German daily newspapers, Handelsblatt and Bild, cited anonymous sources in Germany's government as alleging that the AstraZeneca-Oxford vaccine had an efficacy rate of 8% among the elderly, those 65 years old and above.
Those publications also reported that German government officials did not expect that vaccine to be approved for use on over-65s by the European Medicines Agency (EMA) as a result.
The EMA emergency authorization for the vaccine is expected at the end of this week.
A University of Oxford spokesperson, in an emailed statement to BioPharma-Reporter, said that there is no basis for the claims of very low efficacy in the elderly for the Oxford-AstraZeneca vaccine that have been circulating in the media.
“The results of the clinical trials have already been published transparently in five peer-reviewed scientific publications showing similar immune responses in younger and older adults and a good safety profile, and high efficacy in younger adults. Furthermore, the preliminary efficacy data in older adults supports the importance of this vaccine for use in this population.”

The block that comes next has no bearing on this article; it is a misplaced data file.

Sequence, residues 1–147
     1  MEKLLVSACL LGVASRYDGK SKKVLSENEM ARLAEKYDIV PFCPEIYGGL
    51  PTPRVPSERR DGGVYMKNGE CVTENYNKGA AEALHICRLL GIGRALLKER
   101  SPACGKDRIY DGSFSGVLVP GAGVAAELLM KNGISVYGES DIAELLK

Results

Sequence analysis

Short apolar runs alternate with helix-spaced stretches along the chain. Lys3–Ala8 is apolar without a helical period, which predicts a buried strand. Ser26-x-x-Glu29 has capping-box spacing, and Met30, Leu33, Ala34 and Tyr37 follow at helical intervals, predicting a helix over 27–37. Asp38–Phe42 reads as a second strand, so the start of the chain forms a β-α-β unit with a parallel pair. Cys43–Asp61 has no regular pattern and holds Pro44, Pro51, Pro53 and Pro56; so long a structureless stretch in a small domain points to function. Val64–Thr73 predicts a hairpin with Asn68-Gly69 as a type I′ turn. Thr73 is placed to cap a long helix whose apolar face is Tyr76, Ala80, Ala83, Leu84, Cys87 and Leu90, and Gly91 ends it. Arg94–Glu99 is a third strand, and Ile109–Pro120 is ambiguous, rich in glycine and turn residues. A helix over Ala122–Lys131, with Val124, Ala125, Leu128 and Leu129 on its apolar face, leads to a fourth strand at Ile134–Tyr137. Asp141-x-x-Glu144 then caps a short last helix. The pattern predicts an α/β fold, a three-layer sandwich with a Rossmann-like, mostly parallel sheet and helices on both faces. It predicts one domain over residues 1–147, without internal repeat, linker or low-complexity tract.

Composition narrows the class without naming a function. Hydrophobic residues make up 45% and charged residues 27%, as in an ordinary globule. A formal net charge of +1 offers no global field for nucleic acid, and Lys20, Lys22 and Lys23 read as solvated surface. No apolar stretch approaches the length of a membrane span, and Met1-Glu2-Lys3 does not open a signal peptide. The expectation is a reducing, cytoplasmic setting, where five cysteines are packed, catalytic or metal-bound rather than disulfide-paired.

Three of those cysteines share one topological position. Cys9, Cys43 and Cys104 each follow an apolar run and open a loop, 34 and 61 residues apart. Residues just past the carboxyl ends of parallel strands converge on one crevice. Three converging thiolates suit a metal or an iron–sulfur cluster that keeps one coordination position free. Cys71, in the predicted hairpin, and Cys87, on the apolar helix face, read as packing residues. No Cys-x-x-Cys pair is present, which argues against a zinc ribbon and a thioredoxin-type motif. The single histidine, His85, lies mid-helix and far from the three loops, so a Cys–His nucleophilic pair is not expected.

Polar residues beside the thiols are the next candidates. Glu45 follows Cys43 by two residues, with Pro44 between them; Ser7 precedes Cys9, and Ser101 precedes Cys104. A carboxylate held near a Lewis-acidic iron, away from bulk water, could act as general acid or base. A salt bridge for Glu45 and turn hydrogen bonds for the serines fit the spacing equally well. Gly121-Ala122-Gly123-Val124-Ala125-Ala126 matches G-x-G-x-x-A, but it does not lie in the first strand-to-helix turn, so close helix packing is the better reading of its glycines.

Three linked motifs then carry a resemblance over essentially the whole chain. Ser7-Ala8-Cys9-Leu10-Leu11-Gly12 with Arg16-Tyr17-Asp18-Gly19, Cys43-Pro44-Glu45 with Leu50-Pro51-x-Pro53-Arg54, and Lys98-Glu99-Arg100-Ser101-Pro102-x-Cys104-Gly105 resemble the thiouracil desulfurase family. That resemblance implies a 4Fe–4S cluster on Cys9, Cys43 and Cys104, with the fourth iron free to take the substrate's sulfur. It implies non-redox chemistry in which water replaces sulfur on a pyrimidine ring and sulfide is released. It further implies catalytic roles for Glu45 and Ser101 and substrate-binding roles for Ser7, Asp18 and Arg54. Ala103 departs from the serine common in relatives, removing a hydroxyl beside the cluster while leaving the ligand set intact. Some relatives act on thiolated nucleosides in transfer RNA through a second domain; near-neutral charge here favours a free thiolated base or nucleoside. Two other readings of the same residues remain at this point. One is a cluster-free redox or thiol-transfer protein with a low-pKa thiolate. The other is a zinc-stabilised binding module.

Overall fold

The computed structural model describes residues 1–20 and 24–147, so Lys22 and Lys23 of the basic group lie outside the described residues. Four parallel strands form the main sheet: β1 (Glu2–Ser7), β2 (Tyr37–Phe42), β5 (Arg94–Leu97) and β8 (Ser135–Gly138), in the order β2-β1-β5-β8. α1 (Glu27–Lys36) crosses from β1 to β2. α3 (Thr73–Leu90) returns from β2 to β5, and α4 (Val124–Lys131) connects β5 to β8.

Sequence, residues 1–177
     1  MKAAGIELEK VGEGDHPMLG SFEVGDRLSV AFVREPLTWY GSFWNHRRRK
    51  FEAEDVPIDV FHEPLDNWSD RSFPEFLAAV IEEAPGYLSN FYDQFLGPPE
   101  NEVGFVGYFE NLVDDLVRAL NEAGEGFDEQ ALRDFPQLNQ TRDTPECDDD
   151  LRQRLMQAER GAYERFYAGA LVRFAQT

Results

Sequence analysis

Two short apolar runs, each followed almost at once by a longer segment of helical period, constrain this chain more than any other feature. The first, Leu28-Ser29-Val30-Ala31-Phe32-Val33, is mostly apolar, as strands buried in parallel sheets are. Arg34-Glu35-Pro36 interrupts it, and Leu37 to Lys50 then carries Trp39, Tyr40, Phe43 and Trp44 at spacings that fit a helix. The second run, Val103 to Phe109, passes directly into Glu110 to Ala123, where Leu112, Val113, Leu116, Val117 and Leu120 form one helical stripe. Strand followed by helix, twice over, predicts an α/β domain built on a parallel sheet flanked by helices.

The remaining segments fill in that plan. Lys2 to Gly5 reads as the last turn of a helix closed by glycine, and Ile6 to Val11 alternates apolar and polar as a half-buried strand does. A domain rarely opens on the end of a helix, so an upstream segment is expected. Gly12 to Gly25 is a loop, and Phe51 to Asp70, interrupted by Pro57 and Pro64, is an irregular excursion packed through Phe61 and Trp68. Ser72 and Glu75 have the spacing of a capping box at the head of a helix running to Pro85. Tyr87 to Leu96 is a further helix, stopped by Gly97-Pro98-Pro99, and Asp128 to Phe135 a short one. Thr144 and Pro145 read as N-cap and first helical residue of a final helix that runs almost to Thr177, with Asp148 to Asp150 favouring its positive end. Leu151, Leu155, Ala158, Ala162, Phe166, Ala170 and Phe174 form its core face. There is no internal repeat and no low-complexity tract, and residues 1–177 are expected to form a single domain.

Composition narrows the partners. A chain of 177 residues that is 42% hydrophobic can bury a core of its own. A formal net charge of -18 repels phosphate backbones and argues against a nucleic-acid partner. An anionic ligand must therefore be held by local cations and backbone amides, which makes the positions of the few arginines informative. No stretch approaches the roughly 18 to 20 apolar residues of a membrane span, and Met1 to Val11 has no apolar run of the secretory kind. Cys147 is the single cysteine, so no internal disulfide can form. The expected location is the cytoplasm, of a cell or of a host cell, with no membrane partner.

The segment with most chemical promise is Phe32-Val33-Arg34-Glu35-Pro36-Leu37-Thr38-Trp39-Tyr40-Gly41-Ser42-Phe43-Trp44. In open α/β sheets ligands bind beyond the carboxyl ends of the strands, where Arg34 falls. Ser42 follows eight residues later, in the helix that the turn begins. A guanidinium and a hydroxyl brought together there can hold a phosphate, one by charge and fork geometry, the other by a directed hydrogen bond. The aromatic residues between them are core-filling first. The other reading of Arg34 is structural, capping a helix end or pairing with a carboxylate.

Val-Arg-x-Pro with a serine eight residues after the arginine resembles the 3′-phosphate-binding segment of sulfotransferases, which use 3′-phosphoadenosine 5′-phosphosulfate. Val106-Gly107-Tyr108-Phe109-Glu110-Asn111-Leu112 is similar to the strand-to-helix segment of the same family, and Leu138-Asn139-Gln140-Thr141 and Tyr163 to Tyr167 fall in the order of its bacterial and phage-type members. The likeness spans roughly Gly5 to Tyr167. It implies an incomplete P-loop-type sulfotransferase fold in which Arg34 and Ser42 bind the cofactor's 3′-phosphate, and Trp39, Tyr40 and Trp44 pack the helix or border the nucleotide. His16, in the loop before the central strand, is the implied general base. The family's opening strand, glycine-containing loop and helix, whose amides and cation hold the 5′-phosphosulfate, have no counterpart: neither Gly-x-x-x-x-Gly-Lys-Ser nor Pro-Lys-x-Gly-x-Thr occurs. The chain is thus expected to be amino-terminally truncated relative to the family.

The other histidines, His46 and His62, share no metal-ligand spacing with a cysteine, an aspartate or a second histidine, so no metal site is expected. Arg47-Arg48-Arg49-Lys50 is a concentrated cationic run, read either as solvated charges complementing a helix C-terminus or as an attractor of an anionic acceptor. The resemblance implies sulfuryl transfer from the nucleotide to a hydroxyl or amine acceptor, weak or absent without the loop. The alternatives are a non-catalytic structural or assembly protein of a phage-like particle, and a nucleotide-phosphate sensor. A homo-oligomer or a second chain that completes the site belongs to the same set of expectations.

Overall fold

A spokesman for AstraZeneca told us that the reports the AstraZeneca/Oxford vaccine efficacy is as low as 8% in adults over 65 years are “completely incorrect.”
The pharma company said that, in the UK, the Joint Committee on Vaccination and Immunization (JCVI) supported use of the vaccine in this population and the UK regulator, the Medicines and Healthcare Products Regulatory Agency (MHRA), included this group without dose adjustment in the authorization for emergency supply.
“In November, we published data in The Lancet demonstrating that older adults showed strong immune responses to the vaccine, with 100% of older adults generating spike-specific antibodies after the second dose.”